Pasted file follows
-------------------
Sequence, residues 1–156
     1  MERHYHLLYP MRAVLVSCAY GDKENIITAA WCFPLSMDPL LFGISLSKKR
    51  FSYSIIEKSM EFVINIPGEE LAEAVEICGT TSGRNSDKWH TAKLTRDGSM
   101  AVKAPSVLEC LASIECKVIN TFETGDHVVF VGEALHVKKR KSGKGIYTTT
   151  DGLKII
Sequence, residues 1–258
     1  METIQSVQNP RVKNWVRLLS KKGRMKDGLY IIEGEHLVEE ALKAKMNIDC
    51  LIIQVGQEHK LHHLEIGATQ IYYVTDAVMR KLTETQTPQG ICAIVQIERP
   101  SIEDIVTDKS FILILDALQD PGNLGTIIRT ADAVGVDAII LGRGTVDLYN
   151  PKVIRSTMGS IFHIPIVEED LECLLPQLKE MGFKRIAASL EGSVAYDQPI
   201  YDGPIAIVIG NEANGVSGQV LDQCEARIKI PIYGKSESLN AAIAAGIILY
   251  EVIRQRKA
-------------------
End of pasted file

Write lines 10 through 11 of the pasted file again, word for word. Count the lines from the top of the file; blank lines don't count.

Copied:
   151  PKVIRSTMGS IFHIPIVEED LECLLPQLKE MGFKRIAASL EGSVAYDQPI
   201  YDGPIAIVIG NEANGVSGQV LDQCEARIKI PIYGKSESLN AAIAAGIILY